As someone who is starting to take running a little more seriously (as in serious enough to train for something longer than a 13.1 miler), I needed a little help with the other parts of (ahem) training. Stuff like strength training and yoga was the start (and oh so helpful), but I needed even more than that and that’s where nutrition came in. I had heard a great deal about the Runner’s World cookbook thanks to magazines like Running for Women. Finally, I borrowed it from a library and was not disappointed. The recipes are yummy and I have lost 12 pounds. So get out there and eat!
Thomas, Biju and Allen Lim. The Feed Zone Cookbook: Fast and Flavorful Food for Athletes. Boulder: Velo, 2011.
Confessional: I bought this book sight unseen because I had the credit with Amazon. I don’t regret it!
This is a gorgeous cookbook. I like its unique shape (8″x 6.5″) and feel (nubbly hardcover without a dust jacket). The photography is sublime and speaking of “lime,” the lime green ribbon bookmark is cool, too. But, these are all superficial reasons to love a cookbook. Let’s get to the meat of the matter (pun totally intended).
Even though the title insists this is food for “athletes” there is a little bias towards cycling. No. There is a large bias towards cycling. The language is more about riding and less about generic non-specific-sport tough workouts. Never mind that. The fact it is geared towards riding is a small detail that only I would harp on or maybe even notice. I just happen to like books that refer and cater to runners…
In truth, the recipes translate for any individual participating in an activity that burns many, many calories. And speaking of calories, this is not a weight-loss, get-thin cookbook. Calories are communicated as “energy units” and are unapologetically abundant. They didn’t skimp on the fat or carbs in an effort to slim an athlete down but instead, calories are pumped up to keep an athlete active & to avoid the bonk. Even in cycling there is the dreaded bonk. And – just in case you start to gain weight using this cookbook and get all upset there is a disclaimer right up front that states portion sizes are larger than normal. You’ve been warned.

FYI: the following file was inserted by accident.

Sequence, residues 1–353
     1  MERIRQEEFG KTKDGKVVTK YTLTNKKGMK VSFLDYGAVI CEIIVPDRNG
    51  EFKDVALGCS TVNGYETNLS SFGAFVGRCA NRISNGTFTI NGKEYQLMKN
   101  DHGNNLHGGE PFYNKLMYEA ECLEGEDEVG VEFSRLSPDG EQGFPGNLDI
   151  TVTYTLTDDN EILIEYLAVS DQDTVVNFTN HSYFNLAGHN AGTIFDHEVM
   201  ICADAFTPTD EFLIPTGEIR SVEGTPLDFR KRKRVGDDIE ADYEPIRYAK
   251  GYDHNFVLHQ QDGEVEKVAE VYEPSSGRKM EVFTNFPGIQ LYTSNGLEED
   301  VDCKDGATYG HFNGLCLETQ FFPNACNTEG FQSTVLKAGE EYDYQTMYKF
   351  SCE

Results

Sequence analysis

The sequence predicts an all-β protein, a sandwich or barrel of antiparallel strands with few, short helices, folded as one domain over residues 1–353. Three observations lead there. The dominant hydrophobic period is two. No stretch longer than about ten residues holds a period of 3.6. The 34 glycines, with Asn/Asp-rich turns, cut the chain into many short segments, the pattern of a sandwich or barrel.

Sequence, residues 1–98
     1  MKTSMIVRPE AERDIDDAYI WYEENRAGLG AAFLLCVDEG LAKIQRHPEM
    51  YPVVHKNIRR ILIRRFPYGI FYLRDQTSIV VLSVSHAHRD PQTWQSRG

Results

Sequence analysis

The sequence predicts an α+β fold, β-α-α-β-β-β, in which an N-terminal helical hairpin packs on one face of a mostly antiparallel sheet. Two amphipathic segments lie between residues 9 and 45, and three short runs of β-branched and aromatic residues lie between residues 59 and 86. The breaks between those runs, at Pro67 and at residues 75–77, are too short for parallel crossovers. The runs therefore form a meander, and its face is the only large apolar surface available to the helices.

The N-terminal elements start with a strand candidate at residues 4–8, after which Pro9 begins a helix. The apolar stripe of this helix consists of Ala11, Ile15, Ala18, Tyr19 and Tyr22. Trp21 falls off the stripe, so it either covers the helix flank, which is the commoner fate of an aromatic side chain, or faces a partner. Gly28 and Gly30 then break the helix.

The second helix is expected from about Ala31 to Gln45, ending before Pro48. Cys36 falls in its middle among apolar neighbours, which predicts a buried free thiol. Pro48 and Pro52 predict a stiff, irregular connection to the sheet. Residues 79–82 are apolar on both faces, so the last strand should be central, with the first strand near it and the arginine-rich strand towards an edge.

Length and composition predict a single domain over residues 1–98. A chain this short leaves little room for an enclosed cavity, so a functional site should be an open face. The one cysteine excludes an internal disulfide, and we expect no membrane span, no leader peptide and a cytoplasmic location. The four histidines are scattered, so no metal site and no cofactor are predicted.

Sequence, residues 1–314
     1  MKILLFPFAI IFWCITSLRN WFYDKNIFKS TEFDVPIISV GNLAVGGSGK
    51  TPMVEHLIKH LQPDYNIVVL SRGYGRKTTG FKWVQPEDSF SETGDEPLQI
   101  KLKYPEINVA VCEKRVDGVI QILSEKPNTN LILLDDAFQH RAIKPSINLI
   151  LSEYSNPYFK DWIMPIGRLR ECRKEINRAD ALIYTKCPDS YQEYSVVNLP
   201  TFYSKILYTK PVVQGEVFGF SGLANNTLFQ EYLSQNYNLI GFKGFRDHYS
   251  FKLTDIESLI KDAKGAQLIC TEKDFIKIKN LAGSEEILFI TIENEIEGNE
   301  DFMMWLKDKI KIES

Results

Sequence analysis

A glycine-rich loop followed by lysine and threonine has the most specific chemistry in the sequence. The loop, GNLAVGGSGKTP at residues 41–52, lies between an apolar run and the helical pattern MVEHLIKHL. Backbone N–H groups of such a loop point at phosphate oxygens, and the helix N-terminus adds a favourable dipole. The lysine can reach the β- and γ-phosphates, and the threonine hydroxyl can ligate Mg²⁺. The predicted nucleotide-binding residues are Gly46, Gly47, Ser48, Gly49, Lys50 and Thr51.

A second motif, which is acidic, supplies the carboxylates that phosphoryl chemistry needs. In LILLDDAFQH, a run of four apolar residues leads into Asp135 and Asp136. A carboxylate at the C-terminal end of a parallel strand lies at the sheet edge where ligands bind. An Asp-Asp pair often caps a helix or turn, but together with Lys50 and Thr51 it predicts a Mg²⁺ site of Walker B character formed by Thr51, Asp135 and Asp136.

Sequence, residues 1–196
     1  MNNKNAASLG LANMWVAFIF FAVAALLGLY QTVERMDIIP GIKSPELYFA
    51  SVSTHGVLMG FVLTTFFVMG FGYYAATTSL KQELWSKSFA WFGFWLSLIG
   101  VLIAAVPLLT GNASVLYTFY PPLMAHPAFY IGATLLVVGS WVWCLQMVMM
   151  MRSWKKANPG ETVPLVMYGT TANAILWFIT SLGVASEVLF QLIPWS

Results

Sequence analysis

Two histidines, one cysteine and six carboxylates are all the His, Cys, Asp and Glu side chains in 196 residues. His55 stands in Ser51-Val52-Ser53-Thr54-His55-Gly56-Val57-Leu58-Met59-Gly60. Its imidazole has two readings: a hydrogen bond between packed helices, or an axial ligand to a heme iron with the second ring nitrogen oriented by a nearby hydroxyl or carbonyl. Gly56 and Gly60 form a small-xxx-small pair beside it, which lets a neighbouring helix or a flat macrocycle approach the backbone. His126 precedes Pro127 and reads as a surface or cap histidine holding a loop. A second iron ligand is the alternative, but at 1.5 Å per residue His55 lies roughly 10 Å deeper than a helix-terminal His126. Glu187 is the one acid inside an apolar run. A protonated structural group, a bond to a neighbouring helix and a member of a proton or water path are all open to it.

Another truth to be prepared for is the tendency towards rice-based dishes. Born in the Philipines, Allan Lim honors his culture with many rice-cooker dishes. Most of the hand-held recipes have a sushi rice base. My advice is to experiment with different varieties of rice if a specific kind isn’t necessary. For many of the dishes a sticky rice is called for to hold the finished product together.
In truth, I have barely started to cook from this cookbook. I might have to write another review after I’ve cooked my way through it.
Stout, Rex. The Nero Wolfe Cookbook. New York: Viking Press, 1973.
This is one of those cookbooks I would call “unique” just because it isn’t just a bunch of recipes with a common theme. This cookbook is for the diehard Nero Wolfe fans who really want to submerge themselves in his world. It’s a great concept. I don’t know how many readers actually tried to cook these meals, but they are real, honest-to-goodness recipes, albeit with weird ingredients like kummel, kirschwasser, sauterne, and pig livers. There is a whole chapter on just corn (note to self: try the roasting of corn in their husks instead of the traditional steaming). Throughout the recipes are little snippets of Wolfe’s unique relationship with food. I found it interesting that he can’t stand to have hungry visitors, even if those same visitors are thought to be suspects. Of course, it isn’t Nero doing all the cooking. He has his trusted cook, Fritz Brenner for that.
Reason read: Rex Stout was born in December. This was a quick “read” for the end of the month.
Author fact: According to the author info in The Nero Wolfe Cookbook, Stout had a passion for hotdogs. Okay.
Book trivia: I will admit 100% that I have read this at the wrong time. Having only read one Nero Wolfe mystery thus far (Fer-de-Lance) these recipes meant nothing to me. What saved me from
quitting saving this for later were the quotations from the books in reference to each recipe.
BookLust Twist: from Book Lust in the chapter called “Rex Stout: Too Good To Miss” (p 226).